Here’s the problem I think that we’re going to see here, is that the industry is out buying science right now, just like they did 20 years ago. We won the cases, we settled the projects, we had, there were thousands of women who had these breast implants. The industry then said, “Well, we have new design, you don’t have to worry about this anymore.” We pushed back, we pled with the FDA, “Don’t believe these liars,” because that’s absolutely what they are. They’ve phonied up clinical data, they used some of the same phonied up clinical data to get these new products on the market, and now we see women are at risk of a cancer. How high is the risk that a woman could be diagnosed with these implants?

Ashlee Banks: That’s right, Mike, so the women who do have these implants, they are at an increased risk of developing this rare form of cancer; however, there was a study done in the Netherlands that is saying overall for women who do have these implants, the chance of them getting this cancer is very low. Now, I want to read you some numbers from this study. It says that at age 50, one in 35,000 women will develop the cancer. At age 70, one in 12,000 will develop the cancer, and at age 75, one in 7,000 women will develop the cancer.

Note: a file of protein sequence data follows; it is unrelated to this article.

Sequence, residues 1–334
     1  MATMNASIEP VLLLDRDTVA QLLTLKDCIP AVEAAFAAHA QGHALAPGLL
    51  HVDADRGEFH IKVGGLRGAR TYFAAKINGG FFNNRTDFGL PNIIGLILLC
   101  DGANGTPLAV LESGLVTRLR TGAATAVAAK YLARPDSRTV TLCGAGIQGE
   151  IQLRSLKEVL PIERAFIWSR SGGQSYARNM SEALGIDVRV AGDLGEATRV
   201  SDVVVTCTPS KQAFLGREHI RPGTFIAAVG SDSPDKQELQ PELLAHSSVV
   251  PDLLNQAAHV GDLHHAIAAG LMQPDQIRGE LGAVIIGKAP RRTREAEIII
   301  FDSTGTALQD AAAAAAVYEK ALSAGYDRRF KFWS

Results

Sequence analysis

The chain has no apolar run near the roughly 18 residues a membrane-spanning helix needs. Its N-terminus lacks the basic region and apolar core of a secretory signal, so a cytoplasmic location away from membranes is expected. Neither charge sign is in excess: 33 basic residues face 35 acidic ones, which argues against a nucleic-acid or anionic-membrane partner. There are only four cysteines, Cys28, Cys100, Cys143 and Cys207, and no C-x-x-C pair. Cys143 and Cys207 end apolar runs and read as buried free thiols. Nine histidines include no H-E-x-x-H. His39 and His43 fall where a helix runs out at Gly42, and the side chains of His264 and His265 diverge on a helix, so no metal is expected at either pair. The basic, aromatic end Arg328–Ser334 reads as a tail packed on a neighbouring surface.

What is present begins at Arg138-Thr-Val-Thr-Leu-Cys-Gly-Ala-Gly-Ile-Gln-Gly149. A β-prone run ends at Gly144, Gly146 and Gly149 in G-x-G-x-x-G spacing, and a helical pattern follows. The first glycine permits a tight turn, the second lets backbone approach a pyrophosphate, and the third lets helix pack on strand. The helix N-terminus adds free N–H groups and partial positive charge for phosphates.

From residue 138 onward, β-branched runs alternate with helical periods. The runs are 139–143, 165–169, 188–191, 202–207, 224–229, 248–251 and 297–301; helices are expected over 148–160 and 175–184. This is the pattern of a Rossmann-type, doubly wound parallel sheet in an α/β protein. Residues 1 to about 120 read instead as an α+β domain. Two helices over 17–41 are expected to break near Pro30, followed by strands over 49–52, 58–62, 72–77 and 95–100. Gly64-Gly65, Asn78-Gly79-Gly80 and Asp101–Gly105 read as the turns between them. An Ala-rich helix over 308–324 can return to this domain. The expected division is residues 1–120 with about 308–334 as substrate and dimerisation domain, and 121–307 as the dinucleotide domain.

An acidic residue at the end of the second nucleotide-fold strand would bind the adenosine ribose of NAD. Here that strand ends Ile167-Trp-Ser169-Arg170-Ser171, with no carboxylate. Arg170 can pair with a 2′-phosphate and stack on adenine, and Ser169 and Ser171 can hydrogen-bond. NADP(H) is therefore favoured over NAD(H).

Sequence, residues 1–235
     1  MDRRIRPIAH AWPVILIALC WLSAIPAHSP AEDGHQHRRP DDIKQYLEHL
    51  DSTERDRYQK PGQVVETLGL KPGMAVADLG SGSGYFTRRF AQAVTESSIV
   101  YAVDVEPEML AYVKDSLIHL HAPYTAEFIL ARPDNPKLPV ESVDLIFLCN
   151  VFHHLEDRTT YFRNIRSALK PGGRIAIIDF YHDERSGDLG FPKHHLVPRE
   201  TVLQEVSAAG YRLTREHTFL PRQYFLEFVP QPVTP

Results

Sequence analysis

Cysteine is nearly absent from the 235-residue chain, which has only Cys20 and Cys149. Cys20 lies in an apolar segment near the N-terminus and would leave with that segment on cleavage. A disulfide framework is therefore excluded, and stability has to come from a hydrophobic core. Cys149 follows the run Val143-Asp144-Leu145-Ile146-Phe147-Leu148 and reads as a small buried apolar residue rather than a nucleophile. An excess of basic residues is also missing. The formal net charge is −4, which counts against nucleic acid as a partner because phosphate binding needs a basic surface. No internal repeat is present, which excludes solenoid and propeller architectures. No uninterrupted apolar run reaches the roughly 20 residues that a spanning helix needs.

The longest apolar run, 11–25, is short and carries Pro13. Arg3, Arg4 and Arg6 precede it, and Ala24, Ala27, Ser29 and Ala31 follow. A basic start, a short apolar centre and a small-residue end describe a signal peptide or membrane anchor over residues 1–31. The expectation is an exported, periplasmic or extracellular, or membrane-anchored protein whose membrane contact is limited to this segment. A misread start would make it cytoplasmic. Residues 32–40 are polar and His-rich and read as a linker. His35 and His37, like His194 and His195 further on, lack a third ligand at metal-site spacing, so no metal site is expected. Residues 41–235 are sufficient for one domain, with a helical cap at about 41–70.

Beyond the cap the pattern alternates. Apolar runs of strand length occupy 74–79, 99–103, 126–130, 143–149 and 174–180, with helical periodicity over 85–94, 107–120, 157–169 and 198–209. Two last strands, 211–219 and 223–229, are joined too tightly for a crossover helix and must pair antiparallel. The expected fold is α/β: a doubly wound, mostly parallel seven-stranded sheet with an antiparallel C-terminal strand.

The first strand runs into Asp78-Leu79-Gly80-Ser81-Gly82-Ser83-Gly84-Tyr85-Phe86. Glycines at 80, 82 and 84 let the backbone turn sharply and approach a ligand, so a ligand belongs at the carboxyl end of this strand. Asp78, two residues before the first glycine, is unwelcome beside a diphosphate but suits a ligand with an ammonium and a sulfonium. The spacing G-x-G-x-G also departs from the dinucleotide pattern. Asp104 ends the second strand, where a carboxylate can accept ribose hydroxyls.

So Mike, as you can see, as women age, the women who do have these implants, they are more at risk for developing this rare form of cancer. However, the numbers still show women have a very low chance of developing the cancer, but researchers and physicians are warning women and saying you’ve got to do your research if you’re looking to get these breast implants for any reason at all, but they’re saying women need to know the chances and risk they have of developing this cancer.

Mike Papantonio: Ashlee, I may be a little more cynical than you, because I go to trial against people like these manufacturers all the time. This study that you just talked about probably when the depositions are taken, we’re going to find that the industry had money involved in that study. Most of the time, that’s what happens. The industry goes out and they hire what they call biostitutes. A biostitute is where you get three scientists that want to be paid $300,000 for doing a study and then gaming the study in a way that’s favorable for industry, and then they put it out here and then journalists say, “Oh, well this study said this.”